[swift-evolution] [Proposal] Explicit Synthetic Behaviour

Tony Allevato tony.allevato at gmail.com
Tue Sep 12 22:06:55 CDT 2017

On Tue, Sep 12, 2017 at 7:10 PM Xiaodi Wu <xiaodi.wu at gmail.com> wrote:

> On Tue, Sep 12, 2017 at 9:58 AM, Thorsten Seitz via swift-evolution <
> swift-evolution at swift.org> wrote:
>> Good arguments, Tony, you have convinced me on all points. Transient is
>> the way to go. Thank you for your patience!
> On many points, I agree with Tony, but I disagree that "transient"
> addresses the issue at hand. The challenge being made is that, as Gwendal
> puts it, it's _unwise_ to have a default implementation, because people
> might forget that there is a default implementation. "Transient" only works
> if you remember that there is a default implementation, and in that case,
> we already have a clear syntax for overriding the default.

Right—I hope it hasn't sounded like I'm conflating the two concepts
completely. The reason I brought up "transient" is because nearly all of
the "risky" examples being cited so far have been of the variety "I have a
type where some properties happen to be Equatable but shouldn't be involved
in equality", so my intention has been to show that if we have a better
solution to that specific problem (which is, related to but not the same as
the question at hand), then there aren't enough risky cases left to warrant
adding this level of complexity to the protocol system.

> As others point out, there's a temptation here to write things like
> "transient(Equatable)" so as to control the synthesis of implementations on
> a per-protocol basis. By that point, you've invented a whole new syntax for
> implementing protocol requirements. (Ah, you might say, but it's hard to
> write a good hashValue implementation: sure, but that's adequately solved
> by a library-supplied combineHashes() function.)

I totally agree with this. A design that would try to annotate "transient"
with a protocol or list of protocols is missing the point of the semantics
that "transient" is supposed to provide. It's not a series of switches to
that can be flipped on and off for arbitrary protocols—it's a semantic tag
that assigns additional meaning to properties and certain protocols (such
as Equatable, Hashable, and Codable, but possibly others that haven't been
designed yet) would have protocol-specific behavior for those properties.

To better explain what I've been poking at, I'm kind of extrapolating this
out to a possible future where it may be possible to more generally (1)
define custom @attributes in Swift, like Java annotations, and then (2) use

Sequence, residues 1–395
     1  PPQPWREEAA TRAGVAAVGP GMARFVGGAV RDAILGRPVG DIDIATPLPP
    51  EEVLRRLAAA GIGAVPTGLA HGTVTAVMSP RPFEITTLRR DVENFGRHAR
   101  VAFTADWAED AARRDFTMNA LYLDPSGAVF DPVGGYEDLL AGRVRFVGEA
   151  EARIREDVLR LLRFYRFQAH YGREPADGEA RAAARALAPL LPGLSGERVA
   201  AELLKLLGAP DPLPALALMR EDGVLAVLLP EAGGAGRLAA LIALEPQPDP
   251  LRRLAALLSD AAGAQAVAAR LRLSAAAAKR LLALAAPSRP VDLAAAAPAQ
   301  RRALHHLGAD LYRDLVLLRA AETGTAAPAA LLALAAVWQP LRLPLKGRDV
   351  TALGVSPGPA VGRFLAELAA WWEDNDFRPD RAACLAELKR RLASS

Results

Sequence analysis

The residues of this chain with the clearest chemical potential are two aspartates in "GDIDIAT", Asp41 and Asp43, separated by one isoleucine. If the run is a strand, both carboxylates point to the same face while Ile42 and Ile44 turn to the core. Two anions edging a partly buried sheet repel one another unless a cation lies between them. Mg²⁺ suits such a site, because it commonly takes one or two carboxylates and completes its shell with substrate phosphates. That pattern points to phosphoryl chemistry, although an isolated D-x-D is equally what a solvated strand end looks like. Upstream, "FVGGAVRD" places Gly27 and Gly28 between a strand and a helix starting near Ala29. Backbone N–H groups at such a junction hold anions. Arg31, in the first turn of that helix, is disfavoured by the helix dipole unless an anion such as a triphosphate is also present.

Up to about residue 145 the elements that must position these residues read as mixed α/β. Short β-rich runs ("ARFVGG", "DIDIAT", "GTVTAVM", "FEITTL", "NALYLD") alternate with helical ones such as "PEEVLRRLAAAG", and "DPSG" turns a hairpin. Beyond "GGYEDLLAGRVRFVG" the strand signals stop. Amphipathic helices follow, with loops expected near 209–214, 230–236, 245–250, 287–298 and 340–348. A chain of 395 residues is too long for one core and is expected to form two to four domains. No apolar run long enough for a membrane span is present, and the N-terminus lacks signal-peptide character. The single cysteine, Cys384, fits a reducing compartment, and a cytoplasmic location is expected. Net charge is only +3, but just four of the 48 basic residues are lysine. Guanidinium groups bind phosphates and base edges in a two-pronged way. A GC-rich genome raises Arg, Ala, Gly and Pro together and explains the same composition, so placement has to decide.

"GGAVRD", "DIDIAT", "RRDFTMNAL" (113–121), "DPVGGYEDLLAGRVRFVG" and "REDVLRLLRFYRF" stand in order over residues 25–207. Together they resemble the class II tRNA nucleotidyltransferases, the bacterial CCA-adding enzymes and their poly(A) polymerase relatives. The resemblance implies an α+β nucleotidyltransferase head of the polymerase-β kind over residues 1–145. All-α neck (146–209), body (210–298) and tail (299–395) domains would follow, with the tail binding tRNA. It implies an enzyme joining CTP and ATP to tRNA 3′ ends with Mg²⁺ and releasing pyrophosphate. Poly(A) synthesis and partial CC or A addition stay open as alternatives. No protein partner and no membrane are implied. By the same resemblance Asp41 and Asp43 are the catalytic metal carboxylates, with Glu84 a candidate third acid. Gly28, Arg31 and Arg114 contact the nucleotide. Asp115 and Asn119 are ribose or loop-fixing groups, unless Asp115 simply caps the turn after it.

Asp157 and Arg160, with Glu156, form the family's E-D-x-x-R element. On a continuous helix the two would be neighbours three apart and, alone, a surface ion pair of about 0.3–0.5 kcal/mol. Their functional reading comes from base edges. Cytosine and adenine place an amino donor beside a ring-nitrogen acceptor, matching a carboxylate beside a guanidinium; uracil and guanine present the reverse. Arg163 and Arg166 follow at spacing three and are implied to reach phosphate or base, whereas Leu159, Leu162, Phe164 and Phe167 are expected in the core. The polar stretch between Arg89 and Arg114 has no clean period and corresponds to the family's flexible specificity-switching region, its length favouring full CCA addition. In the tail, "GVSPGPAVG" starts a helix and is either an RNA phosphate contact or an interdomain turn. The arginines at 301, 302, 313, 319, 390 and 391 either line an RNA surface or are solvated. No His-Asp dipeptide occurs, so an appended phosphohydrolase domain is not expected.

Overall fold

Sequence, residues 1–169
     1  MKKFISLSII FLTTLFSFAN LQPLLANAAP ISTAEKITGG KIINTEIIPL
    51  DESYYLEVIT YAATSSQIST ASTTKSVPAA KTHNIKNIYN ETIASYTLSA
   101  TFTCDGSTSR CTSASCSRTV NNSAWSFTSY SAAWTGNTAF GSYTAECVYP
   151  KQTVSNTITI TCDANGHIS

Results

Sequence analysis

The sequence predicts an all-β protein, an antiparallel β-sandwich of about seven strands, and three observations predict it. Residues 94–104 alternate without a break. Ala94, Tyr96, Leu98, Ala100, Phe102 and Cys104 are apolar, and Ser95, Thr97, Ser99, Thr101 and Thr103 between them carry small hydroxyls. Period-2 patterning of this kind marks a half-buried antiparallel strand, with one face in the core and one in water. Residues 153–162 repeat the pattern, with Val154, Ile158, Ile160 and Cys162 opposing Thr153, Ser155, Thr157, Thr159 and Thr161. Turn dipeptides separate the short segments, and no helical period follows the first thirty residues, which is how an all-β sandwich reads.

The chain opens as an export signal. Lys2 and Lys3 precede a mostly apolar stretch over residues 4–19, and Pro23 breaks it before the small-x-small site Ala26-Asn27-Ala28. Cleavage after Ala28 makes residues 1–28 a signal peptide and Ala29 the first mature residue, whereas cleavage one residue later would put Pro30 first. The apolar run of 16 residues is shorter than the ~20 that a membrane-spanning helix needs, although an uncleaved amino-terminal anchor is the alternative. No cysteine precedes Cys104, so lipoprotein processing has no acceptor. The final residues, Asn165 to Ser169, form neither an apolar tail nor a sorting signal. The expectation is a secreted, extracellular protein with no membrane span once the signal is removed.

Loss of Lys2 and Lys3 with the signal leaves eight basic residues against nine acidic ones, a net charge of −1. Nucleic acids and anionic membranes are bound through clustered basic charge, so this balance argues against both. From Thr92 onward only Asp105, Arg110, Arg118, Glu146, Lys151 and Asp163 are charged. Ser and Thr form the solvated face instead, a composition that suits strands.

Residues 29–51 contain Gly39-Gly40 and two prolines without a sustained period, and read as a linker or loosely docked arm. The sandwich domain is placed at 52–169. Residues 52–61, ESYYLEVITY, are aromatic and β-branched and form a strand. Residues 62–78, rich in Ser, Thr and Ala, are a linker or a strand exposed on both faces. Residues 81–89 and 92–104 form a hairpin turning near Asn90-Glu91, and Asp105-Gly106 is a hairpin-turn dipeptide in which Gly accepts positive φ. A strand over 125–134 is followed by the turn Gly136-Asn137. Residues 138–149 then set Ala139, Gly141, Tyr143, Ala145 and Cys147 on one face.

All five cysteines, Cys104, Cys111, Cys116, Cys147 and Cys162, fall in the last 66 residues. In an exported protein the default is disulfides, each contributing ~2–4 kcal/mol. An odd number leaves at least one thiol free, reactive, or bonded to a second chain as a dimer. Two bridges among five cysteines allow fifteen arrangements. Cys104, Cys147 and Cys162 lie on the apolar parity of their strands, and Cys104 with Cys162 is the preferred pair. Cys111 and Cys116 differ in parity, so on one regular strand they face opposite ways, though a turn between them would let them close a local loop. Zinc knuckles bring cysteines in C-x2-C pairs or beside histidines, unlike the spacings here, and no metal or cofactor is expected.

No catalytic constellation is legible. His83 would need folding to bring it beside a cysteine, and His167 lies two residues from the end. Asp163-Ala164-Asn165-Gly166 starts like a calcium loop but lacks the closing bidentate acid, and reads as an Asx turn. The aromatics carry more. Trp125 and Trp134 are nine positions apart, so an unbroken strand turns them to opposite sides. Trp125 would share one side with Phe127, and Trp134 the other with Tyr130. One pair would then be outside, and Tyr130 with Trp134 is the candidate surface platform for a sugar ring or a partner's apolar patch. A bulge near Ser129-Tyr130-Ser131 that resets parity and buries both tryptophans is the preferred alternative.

some metaprogramming constructs to generate introspective default
implementations for a protocol at compile-time just as the compiler does
"magically" now, and the generator would be able to query attributes that
are defined by the same library author as the protocol and handle them

In a world where that's possible, I think it's less helpful to think in
terms of "I need to distinguish between conforming to X and getting a
synthesized implementation and conforming to X and avoiding the synthesized
implementation because the default might be risky", but instead to think in
terms of "How can I provide enough semantic information about my types to
remove the risk?"

In other words, the switches we offer developers to flip shouldn't be about
turning on/off entire features, but about giving the compiler enough
information to make it smart enough that we never need to turn it off in
the first place. As I alluded to before, if I have 10 properties in a type
and only 1 of those needs to be ignored in ==/hashValue/whatever, writing
"Equatable" instead of "derives Equatable" isn't all that helpful. Yes, it
spits out an error message where there wouldn't have been one, but it
doesn't reduce any of the burden of having to provide the appropriate
manual implementation.

But all that stuff about custom attributes and metaprogramming
introspection is a big topic of it's own that isn't going to be solved in
Swift 5, so this is a bit of a digression. :)

>> -Thorsten
>> Am 12.09.2017 um 16:38 schrieb Tony Allevato via swift-evolution <
>> swift-evolution at swift.org>:
>> On Mon, Sep 11, 2017 at 10:05 PM Gwendal Roué <gwendal.roue at gmail.com>
>> wrote:
>>>> This doesn't align with how Swift views the role of protocols, though.
>>>> One of the criteria that the core team has said they look for in a protocol
>>>> is "what generic algorithms would be written using this protocol?"
>>>> AutoSynthesize doesn't satisfy that—there are no generic algorithms that
>>>> you would write with AutoEquatable that differ from what you would write
>>>> with Equatable.
>>>> And so everybody has to swallow implicit and non-avoidable code
>>>> synthesis and shut up?
>>> That's not what I said. I simply pointed out one of the barriers to